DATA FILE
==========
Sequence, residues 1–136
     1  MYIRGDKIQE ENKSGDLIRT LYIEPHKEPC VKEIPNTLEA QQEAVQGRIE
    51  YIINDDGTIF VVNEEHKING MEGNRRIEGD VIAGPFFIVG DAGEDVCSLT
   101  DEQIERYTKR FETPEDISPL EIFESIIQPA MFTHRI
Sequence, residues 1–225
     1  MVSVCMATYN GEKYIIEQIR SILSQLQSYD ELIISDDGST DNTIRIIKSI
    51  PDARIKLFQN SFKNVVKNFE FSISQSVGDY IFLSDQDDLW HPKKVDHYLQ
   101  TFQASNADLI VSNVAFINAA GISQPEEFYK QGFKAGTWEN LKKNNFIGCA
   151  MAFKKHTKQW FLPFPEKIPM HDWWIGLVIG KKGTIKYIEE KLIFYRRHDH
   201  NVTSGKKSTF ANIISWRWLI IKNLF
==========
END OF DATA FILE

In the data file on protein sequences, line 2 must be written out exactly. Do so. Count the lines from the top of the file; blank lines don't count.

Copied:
     1  MYIRGDKIQE ENKSGDLIRT LYIEPHKEPC VKEIPNTLEA QQEAVQGRIE